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Tuesday, December 04, 2012

Alex Rodriguez’s contract—New York Yankees insured for most of $114M, source says - ESPN New York

Are they better off if he doesn’t come back?

If Alex Rodriguez is unable to play in 2013, or in a worst-case scenario is forced to retire because of the hip injury that will require surgery next month, it would not be a total loss for the Yankees.

At least not financially. According to a baseball source with knowledge of the contract, the Yankees are insured for a good portion of the $114 million they owe Rodriguez over the next five seasons.

According to the source, who has worked on similar contracts, it is likely that New York could recoup at least 75 percent, and perhaps as much as 100 percent, of the money it would still have to pay Rodriguez.

However, Rodriguez would have to be disabled for at least a full season before the team could begin to collect on the policy it has with Team Scotti, a Pittsburgh-based insurance firm that provides insurance to Major League Baseball teams. It is unclear whether the contract, which runs through the 2017 season, is insured for its entire length.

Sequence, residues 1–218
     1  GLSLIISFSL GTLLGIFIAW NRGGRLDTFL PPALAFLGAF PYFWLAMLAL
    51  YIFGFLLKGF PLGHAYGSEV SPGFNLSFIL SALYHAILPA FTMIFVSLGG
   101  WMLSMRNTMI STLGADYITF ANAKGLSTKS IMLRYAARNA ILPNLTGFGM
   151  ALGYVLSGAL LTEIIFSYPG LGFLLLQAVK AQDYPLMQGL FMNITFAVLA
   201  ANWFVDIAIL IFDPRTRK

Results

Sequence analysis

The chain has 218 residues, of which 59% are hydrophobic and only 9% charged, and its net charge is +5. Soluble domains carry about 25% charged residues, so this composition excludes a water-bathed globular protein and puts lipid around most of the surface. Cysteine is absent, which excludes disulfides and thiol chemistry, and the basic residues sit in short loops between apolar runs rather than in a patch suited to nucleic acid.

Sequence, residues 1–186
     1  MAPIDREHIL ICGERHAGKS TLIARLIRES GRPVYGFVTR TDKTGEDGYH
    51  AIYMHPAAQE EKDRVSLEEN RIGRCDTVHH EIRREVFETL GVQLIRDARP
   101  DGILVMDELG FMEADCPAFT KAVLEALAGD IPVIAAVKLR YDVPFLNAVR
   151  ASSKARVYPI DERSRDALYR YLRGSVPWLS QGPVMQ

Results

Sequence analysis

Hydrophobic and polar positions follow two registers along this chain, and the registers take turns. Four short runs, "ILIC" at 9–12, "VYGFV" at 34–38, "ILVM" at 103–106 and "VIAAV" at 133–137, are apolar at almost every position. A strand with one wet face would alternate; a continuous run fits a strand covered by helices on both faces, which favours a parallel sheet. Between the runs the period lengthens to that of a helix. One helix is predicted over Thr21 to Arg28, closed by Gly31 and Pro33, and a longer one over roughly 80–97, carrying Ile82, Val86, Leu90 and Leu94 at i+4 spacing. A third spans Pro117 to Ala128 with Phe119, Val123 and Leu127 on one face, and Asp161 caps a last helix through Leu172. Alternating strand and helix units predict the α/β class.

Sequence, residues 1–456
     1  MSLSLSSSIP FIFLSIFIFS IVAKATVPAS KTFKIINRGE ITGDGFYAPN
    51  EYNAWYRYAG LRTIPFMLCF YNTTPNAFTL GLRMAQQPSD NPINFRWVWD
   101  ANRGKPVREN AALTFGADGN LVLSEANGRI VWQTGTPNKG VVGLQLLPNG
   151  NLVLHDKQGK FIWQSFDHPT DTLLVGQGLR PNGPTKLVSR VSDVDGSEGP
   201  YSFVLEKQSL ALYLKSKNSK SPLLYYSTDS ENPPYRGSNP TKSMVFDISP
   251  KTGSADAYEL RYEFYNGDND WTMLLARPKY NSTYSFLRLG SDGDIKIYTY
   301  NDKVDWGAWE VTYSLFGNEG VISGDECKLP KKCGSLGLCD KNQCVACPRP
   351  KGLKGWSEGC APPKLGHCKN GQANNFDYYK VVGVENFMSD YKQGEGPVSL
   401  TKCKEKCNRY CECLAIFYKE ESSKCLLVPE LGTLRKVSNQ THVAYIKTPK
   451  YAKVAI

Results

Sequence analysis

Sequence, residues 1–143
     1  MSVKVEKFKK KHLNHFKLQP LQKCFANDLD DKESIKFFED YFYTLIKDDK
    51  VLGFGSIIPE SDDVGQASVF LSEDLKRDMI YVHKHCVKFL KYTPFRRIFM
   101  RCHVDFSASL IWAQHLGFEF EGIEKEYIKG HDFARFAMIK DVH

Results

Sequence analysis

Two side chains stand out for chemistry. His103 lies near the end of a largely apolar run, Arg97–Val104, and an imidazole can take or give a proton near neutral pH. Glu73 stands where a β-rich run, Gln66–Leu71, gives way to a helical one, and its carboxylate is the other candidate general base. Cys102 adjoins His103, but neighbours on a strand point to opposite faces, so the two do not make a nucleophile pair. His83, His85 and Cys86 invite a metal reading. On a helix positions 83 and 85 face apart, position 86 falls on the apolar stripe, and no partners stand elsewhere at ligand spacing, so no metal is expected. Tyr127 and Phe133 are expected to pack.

Jim Furtado Posted: December 04, 2012 at 06:03 PM | 14 comment(s) Login to Bookmark
  Tags: yankees

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   1. Rough Carrigan Posted: December 04, 2012 at 07:23 PM (#4317211)
Wait, wait!
I saw this plot just the other night. Mr. Potter said to George Bailey, "You're worth more dead than alive."

Transpose Randy Levine into the Potter role (type casting) and switch "injured" for dead and . . hmmmm
   2. You Know Nothing JT Snow (YR) Posted: December 04, 2012 at 07:34 PM (#4317213)
Are they better off if he doesn’t come back?